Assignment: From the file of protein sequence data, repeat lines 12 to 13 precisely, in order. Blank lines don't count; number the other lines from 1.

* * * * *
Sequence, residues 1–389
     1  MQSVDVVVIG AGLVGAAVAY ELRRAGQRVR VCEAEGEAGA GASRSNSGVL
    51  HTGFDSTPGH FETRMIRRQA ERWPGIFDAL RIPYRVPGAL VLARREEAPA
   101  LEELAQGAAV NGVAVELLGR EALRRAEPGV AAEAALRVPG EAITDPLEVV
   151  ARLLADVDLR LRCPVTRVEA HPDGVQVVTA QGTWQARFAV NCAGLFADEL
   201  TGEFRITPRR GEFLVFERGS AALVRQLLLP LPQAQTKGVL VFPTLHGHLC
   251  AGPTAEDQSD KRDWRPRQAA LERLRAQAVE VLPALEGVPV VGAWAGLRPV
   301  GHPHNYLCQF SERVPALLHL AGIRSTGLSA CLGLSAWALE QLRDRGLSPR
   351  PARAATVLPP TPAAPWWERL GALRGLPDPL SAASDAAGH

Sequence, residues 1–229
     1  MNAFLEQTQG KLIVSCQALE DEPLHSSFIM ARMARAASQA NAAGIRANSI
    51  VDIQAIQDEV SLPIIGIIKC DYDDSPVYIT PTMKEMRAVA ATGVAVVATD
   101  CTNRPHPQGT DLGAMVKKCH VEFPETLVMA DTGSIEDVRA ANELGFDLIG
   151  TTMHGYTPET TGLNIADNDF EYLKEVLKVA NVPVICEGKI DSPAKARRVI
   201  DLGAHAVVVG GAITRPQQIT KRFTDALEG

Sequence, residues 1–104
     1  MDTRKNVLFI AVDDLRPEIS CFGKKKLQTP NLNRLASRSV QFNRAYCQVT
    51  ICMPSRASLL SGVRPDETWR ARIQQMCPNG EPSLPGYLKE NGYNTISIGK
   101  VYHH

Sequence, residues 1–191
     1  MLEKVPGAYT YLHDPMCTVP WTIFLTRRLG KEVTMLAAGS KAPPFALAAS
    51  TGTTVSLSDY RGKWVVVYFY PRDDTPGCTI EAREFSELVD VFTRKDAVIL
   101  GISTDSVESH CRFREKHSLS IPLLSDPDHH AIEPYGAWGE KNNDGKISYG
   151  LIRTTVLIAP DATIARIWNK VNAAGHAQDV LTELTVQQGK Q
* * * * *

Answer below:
    51  VDIQAIQDEV SLPIIGIIKC DYDDSPVYIT PTMKEMRAVA ATGVAVVATD
   101  CTNRPHPQGT DLGAMVKKCH VEFPETLVMA DTGSIEDVRA ANELGFDLIG